In 1982, Johns-Manville Corporation ("Manville"), the largest U.S. manufacturer and supplier of construction products containing friable asbestos fibers, filed for bankruptcy protection. Since then, asbestos litigation has driven some twenty-five additional companies into bankruptcy, including, most recently, such major companies as GAF, Owens Corning, The Babcock & Wilcox Company, Armstrong World Industries Inc., Pittsburgh Corning Corporation, and W. R. Grace and Company. In the wake of the many asbestos-related bankruptcies, the Defendants targeted the solvent companies, by encouraging their clients to identify those companies' products as the source of their primary exposure. For example, after the Manville bankruptcy, asbestos plaintiffs' testimony abruptly appeared to shift from targeting Manville products to targeting the products of other still-solvent manufacturers.

In response to all of the above factors, Defendants resorted to unethical and improper conduct to keep their asbestos litigation machine running at full tilt. After having largely exhausted the supply of plaintiffs who actually became sick as the result of prolonged exposure to asbestos, Defendants increasingly solicited non-sick claimants who can allege, merely, that they were exposed to asbestos at some point in time. Defendants have then tutored these solicited clients to identify the products of the few remaining viable asbestos defendants as the source of their exposure.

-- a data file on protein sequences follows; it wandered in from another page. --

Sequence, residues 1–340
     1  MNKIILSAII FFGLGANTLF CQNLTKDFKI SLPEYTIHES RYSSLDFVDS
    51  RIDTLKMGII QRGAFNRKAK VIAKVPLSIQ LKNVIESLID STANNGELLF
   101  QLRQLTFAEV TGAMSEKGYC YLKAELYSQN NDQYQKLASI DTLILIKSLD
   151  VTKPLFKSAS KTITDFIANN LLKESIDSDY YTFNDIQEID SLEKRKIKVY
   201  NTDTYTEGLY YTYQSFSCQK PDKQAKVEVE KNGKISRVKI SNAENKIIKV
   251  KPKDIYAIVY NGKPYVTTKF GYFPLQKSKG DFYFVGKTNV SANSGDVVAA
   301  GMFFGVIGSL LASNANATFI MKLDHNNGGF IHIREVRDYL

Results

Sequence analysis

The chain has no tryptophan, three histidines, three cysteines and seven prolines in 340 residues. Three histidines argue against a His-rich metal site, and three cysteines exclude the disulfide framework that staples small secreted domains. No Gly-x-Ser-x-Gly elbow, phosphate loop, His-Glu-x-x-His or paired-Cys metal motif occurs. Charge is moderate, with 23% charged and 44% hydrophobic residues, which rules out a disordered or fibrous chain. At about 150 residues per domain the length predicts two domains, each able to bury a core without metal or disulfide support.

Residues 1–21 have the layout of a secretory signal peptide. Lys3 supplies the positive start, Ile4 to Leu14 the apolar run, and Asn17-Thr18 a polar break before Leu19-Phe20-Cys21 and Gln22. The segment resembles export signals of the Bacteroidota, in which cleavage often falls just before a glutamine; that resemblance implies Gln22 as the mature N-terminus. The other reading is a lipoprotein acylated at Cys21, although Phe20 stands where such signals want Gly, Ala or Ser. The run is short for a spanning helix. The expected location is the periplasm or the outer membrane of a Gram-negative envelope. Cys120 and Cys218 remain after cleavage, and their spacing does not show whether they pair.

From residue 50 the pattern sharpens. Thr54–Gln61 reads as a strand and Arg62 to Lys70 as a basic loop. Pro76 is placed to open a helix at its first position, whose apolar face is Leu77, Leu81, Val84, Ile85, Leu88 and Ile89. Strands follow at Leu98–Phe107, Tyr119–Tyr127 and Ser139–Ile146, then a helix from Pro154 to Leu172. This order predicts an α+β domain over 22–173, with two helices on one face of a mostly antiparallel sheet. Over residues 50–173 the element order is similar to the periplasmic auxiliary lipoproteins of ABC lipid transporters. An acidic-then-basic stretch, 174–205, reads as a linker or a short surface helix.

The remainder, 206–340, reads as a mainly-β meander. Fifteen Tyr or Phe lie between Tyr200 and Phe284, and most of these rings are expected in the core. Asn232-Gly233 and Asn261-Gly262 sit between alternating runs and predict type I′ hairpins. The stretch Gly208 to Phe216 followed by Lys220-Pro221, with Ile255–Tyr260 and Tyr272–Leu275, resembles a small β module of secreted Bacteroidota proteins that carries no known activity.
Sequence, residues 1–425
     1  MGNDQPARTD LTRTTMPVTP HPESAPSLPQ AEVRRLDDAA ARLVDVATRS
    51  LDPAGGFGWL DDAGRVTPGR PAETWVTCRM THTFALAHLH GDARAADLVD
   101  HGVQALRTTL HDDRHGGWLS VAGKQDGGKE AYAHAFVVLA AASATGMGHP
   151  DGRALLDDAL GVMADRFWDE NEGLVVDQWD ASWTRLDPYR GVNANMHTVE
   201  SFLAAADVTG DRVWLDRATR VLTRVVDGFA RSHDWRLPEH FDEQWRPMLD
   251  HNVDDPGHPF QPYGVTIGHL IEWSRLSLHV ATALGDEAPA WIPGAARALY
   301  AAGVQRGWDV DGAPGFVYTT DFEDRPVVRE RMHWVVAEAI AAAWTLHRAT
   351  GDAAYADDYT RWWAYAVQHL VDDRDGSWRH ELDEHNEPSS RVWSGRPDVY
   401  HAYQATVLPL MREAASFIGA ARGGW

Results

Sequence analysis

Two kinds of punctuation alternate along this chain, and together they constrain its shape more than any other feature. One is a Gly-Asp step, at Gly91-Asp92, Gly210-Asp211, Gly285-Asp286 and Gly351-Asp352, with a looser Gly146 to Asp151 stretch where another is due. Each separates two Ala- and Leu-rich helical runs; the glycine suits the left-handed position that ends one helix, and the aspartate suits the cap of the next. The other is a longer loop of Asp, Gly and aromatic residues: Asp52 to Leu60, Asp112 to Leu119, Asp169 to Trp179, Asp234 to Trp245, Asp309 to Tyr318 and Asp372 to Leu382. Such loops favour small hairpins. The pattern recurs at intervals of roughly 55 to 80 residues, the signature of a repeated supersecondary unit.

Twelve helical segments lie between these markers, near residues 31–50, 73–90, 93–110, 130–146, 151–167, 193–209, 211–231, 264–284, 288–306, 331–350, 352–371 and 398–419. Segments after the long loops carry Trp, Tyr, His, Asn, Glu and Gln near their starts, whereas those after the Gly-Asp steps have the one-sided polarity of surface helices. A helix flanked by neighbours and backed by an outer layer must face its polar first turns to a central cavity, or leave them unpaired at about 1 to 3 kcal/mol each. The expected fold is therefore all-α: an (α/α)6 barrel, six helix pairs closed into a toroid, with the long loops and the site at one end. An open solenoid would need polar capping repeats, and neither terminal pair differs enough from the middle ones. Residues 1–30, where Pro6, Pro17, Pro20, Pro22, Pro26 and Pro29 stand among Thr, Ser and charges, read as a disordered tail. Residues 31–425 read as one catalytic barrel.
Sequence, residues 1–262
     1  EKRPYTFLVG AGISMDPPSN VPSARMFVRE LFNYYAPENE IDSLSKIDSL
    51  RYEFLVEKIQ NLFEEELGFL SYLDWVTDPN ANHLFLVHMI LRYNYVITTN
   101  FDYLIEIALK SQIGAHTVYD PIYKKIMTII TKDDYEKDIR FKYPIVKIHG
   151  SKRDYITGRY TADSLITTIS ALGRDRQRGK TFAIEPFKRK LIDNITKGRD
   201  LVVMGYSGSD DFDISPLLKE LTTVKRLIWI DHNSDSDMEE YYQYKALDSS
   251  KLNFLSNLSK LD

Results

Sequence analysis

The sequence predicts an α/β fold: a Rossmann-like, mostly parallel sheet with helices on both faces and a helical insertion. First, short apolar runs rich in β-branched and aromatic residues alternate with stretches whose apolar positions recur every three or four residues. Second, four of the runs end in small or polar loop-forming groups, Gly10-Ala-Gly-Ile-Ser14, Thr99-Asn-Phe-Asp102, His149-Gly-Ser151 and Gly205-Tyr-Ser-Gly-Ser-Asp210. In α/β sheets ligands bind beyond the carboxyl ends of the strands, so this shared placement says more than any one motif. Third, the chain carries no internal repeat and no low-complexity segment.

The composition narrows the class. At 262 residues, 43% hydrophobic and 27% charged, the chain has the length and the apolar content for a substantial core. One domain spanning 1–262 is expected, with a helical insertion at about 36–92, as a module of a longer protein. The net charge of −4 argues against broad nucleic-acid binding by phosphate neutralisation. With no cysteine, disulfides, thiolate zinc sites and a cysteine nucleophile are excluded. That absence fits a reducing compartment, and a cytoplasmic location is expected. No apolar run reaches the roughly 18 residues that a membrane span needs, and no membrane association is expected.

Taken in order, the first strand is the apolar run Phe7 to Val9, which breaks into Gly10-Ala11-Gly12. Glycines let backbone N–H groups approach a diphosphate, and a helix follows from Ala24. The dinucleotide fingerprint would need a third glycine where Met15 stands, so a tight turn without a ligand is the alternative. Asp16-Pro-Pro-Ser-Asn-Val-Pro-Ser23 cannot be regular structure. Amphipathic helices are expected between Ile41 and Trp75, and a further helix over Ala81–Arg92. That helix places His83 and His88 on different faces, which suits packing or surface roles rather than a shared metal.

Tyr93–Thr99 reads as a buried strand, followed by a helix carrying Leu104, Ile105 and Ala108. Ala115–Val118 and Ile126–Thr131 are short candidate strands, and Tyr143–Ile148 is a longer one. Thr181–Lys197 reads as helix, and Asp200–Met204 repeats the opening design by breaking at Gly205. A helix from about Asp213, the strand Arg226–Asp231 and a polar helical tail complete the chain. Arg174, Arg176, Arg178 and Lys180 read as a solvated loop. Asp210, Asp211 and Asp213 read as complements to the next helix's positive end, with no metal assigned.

Thus, despite the settlement of most of the legitimate asbestos claims, over 150,000 asbestos cases are still pending against GAF and were, prior to January 5, 2001, being filed against the company at a rate of almost 70,000 per year. The vast majority of claimants in these cases do not suffer from cancer or asbestosis and, in fact, have no impairment of lung function at all.

Many of the claims filed by Defendants are or should be known by them to be completely meritless.

It has been and continues to be Defendants' strategy to inundate asbestos defendants with lawsuits regardless of the merits of the allegations so that those companies cannot defend themselves against each individual claim and are compelled to agree to massive group settlements that include an ever-increasing proportion of non-sick claimants.

In addition to overwhelming the asbestos defendants and the judicial system with a torrent of claims that cannot reasonably be adjudicated on an individualized basis, the Defendants have held the claims of their legitimately sick clients hostage by refusing to settle those claims while assembling huge inventories of non-sick claimants. This practice enables the Defendants to use the claims of sick clients to leverage large aggregate settlements of claims that have no merit. Once such aggregate settlements are concluded, the Defendants take it upon themselves to apportion what is left of the settlement dollars, after their fees and expenses are deducted, among their clients. The clients are not informed as to the basis of the allocation, and the non-sick clients are substantially overpaid relative to their truly sick counterparts.

As a result of these practices, the Defendants' few sick claimants have waited years and some have even died before receiving compensation. Also, by settling on this "book of business" basis, the Defendants effectively make it impossible for their clients to make an informed decision about whether the settlements are fair and reasonable based on their own individual circumstances.

Fabricating False Evidence